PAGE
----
Maybe you remember the 1978 song I Love the Nightlife or have heard it played on an “oldies” station or as the backdrop to shows or movies. That title has even been a category on the show Jeopardy!.
While we’re on a trivia run, some of the foods popular in 1978 included: fried tacos, baked cheese spaghetti and sloppy joes, while some foods that were introduced in 1978 were Arby’s Beef 'n' Cheddar sandwich, Ben & Jerry’s® Homemade Ice Cream, Reese’s® Pieces and the Whatchamacallit candy bar.
How times have changed music-wise and diet-wise!
In fact, when it comes to food, you could almost coin the title I Love the Plant Life for the direction of many healthy diets these days. With everything from Dr. T. Colin Campbell’s The China Study to Forks Over Knives, a plant-based diet is making headlines and changing people’s health for the better.
For example, Dr. Campbell’s groundbreaking book, The China Study, found that a whole foods, plant-based diet not only lowers a person’s risk for certain diseases, but it can also reverse the progression of those said diseases. It was a 20-year study that included over 100 villages in China, and the findings were that high consumption of animal-based foods was associated with more chronic disease, but those eating a mostly plant-based diet were the healthiest.
A plant-based diet, by nature, avoids meat, dairy and processed foods. Unlike the average American diet packed with meat sources of protein, plant-based proteins come from beans; grains such as quinoa, amaranth and millet; and nuts, including walnuts, almonds and pistachios. And get this—even veggies can provide protein. For example, broccoli is 30 percent protein and provides highly absorbable calcium.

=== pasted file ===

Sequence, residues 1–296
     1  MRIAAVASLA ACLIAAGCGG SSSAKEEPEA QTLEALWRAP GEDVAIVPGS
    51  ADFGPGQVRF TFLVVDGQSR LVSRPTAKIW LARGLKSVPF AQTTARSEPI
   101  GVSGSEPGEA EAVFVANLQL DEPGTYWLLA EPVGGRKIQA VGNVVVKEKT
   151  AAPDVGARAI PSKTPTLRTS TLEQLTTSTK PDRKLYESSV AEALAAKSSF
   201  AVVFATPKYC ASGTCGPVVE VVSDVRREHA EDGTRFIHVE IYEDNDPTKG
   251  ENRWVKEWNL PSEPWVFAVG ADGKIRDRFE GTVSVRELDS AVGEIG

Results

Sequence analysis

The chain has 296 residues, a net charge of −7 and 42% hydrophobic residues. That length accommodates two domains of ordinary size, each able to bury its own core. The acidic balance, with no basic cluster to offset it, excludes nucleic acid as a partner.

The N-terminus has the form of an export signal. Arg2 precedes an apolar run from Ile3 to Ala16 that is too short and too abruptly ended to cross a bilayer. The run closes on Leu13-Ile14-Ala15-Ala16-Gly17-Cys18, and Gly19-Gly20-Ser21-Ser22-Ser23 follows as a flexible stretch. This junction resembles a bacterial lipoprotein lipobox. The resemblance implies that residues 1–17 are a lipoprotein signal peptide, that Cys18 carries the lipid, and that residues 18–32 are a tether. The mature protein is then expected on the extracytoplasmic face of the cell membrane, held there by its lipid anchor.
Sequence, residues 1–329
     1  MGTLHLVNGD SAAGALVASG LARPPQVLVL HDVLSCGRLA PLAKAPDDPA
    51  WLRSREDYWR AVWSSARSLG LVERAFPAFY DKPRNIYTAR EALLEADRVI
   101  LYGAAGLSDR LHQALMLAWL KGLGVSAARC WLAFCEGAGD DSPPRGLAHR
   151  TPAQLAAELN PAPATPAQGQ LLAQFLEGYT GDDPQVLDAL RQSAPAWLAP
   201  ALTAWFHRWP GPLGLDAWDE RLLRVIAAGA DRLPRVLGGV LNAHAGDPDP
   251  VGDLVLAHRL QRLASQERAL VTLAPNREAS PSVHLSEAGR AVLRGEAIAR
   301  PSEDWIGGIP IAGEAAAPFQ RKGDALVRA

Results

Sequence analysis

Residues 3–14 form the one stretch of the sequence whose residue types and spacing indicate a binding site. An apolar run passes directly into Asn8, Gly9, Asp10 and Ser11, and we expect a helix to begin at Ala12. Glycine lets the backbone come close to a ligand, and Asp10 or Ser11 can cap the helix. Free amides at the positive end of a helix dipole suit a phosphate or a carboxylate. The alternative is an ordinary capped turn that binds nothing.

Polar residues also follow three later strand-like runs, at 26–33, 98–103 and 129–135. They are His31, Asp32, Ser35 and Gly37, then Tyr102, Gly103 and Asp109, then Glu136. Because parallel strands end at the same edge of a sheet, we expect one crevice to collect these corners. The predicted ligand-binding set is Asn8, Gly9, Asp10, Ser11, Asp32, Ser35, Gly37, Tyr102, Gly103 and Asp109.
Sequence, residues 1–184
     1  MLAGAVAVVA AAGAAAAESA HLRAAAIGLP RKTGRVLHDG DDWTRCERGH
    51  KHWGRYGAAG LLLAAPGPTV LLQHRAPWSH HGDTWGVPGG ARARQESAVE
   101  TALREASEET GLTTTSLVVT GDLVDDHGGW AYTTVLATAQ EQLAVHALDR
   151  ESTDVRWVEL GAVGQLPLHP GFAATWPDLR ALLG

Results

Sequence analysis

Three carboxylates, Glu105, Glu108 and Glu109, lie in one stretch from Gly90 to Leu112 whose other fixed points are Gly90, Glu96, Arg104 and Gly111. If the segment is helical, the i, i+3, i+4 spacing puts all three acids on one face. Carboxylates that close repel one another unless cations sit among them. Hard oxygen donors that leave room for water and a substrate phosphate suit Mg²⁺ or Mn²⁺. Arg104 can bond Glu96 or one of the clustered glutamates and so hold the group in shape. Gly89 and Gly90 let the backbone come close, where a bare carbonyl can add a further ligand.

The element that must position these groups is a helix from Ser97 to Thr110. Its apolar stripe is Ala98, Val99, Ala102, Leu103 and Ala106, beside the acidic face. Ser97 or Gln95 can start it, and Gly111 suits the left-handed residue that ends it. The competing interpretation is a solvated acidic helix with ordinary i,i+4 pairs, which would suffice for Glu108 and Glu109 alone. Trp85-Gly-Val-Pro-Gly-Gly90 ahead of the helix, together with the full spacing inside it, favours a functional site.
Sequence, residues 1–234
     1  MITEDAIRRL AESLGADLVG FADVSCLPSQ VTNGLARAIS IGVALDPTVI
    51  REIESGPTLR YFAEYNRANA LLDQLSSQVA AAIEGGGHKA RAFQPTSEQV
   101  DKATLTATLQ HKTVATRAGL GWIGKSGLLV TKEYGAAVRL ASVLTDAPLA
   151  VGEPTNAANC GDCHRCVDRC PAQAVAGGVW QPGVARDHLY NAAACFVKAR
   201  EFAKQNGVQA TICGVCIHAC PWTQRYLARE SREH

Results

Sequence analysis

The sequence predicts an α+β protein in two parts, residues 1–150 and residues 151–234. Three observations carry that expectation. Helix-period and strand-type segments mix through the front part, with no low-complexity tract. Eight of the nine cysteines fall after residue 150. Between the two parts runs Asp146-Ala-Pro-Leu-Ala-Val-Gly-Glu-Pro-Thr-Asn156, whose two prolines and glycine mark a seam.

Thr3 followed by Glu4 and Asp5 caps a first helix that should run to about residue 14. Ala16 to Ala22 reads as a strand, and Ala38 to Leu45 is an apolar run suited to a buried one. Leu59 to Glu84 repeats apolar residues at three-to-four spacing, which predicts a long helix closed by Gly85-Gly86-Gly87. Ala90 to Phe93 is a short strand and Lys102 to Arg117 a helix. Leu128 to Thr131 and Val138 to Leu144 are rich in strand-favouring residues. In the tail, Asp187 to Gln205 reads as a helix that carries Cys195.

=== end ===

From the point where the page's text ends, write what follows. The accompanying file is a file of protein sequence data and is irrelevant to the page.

Instead of typical dairy, a plant-based diet provides calcium in leafy green veggies such as kale, broccoli, collards and Brussels sprouts, while almond, rice and oat milk are good alternatives to conventional dairy. Vitamin D is absorbed in the body through prudent sunlight exposure, but can also be supplemented in vegan form if sunlight is elusive, which it is for most of our nation several months out of the year.
Another reason for loving the plant life is that eating plants versus animals can have positive effects on inflammation levels in the body—and chronic inflammation underlies cardiovascular diseases, arthritis, diabetes, metabolic syndrome and more. In fact, many researchers and health practitioners are starting to see chronic inflammation as a single disease presenting itself as differing symptoms. Studies show the potent anti-inflammatory and protective effects of flavonoids and other antioxidants that are found in plants. A plant-based diet is also found to lower C-reactive protein levels in the blood. C-reactive protein, of course, is a marker for bodily inflammation.
With all those health perks, it’s easy to see why many people love the plant life!